06/17/2014 05:27 pm ET Updated Aug 17, 2014

Advocacy Groups Sue Alabama Over Inadequate Prison Medical Care

Image Source via Getty Images

By Jonathan Kaminsky

June 17 (Reuters) - Two advocacy groups filed a lawsuit on Tuesday charging that a pattern of inadequate medical and mental healthcare in Alabama prisons has contributed to inmate deaths and amounts to discrimination against disabled prisoners.

The suit, filed by the Southern Poverty Law Center and the Alabama Disabilities Advocacy Program in federal court in Montgomery, Alabama, accuses the state of violating the Eighth Amendment to the U.S. Constitution prohibiting cruel and unusual punishment.

"I have no doubt that the conditions that I have witnessed and heard about and that are described in our complaint are unconstitutional," Maria Morris, an attorney for the Southern Poverty Law Center, who is representing the plaintiffs, said in a phone interview.

The attorneys for the groups are seeking to have a judge allow them to represent all 25,000 of the state's prisoners in a class-action lawsuit.

Diabetic inmates sometimes waited months before having their blood sugar levels taken, resulting in cases of toes and feet being amputated, the suit alleged.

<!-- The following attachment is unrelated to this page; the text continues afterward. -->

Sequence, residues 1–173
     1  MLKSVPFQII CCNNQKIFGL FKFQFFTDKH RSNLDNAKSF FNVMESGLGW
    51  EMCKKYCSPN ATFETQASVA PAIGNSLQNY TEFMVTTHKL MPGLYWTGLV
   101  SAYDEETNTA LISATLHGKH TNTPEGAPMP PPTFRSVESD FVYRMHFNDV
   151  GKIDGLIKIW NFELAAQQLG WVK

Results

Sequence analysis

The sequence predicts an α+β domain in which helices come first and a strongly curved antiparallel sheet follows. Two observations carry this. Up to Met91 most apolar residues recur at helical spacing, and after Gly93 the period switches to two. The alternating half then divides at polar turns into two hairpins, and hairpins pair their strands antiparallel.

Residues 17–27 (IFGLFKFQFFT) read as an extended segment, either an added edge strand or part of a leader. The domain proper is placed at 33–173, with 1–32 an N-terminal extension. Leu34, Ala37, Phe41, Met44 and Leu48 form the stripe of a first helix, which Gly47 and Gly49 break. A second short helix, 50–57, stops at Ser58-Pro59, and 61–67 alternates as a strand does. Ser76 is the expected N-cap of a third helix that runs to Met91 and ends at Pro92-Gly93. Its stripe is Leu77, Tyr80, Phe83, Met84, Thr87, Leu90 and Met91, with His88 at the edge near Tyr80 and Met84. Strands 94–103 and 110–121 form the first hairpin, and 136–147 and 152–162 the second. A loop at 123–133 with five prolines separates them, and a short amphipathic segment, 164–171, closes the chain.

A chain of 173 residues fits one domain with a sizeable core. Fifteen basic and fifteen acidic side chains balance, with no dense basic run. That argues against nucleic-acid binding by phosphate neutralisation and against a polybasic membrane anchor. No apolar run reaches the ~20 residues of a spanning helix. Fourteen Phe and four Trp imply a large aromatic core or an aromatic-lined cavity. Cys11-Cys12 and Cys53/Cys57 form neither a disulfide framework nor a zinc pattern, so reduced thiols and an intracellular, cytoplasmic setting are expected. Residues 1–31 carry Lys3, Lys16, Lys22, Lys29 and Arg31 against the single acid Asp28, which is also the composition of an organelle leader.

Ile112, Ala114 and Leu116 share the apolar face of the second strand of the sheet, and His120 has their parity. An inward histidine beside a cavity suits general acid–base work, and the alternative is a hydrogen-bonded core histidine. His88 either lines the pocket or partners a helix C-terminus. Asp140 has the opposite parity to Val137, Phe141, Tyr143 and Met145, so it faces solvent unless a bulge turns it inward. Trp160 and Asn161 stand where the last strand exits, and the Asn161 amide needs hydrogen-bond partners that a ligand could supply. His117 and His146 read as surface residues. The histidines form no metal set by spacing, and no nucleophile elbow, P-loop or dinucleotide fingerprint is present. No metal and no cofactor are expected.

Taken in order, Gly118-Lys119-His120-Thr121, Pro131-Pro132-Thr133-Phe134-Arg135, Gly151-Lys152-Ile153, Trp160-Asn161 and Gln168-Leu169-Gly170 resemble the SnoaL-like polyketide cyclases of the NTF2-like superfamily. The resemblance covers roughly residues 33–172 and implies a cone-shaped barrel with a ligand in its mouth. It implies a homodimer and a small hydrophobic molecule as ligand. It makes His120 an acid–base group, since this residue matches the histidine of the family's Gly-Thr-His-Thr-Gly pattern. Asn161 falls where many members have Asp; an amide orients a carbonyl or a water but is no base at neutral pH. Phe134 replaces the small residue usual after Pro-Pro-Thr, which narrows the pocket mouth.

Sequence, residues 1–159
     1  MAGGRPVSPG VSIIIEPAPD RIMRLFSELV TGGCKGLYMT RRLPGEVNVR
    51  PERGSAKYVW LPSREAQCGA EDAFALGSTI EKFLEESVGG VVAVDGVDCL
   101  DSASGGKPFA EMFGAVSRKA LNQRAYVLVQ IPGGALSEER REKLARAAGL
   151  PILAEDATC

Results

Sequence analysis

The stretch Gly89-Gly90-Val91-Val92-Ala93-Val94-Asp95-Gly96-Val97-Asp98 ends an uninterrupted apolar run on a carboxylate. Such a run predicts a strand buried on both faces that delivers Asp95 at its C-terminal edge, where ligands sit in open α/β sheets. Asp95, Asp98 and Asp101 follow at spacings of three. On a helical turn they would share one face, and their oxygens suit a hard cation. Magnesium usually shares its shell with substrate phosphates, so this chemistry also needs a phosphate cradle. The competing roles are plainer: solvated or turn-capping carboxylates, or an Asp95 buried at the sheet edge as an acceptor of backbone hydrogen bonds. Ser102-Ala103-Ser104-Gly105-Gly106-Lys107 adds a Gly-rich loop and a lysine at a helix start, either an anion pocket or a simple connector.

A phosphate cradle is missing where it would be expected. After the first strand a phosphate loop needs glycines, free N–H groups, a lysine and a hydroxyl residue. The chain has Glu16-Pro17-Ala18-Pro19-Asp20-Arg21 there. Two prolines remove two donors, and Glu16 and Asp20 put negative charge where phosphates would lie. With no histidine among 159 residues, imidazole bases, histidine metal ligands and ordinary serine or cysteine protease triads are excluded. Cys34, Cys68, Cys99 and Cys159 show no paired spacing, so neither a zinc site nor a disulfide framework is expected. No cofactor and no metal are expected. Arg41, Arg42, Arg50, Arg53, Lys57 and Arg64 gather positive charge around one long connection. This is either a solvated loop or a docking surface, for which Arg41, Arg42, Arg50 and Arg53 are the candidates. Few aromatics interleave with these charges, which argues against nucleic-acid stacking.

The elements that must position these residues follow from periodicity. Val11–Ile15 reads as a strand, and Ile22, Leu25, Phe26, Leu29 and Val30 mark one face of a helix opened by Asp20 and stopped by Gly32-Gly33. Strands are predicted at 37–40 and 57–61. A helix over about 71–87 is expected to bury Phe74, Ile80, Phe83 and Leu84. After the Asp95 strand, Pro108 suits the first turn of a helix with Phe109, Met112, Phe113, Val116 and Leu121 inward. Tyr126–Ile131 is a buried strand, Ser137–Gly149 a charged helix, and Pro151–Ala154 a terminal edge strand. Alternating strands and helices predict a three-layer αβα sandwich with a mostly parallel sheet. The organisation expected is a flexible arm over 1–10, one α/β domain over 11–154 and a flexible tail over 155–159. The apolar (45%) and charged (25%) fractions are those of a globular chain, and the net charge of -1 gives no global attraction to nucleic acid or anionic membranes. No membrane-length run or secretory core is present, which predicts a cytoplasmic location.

Mental healthcare for prisoners, beyond medication issued with insufficient oversight, has been nearly impossible to obtain, it said.

Alabama corrections officials would not immediately comment on specific allegations in the lawsuit, but said the department was prepared to mount a robust defense of its practices.

"We believe that many of their allegations are grossly inaccurate and appear to be based on incomplete information," Alabama Department of Corrections Commissioner Kim Thomas said in a statement.

Last week, Alabama Governor Robert Bentley responded to concerns about overcrowding in the state's prisons by announcing plans to convene a study to deal with the problem.

A spokeswoman for Bentley did not immediately return messages seeking comment.

Morris said the problems outlined in the lawsuit stemmed in large part from severe understaffing and cost-cutting efforts when awarding medical services contracts. The state employs about 15 doctors to care for over 25,000 inmates.

According to the lawsuit, one inmate died in January after his heart stopped while he was undergoing dialysis with no one present to use the emergency medical equipment at hand.

Another inmate, who committed suicide with a razor blade in 2011, told prison staff before dying that he had cut himself because "I'm not getting enough medical attention," the lawsuit quoted a prison incident report as saying.

(Reporting by Jonathan Kaminsky in New Orleans, Editing by Alex Dobuzinskis and Peter Cooney)



No Seconds: The Last Meals Of Death Row Prisoners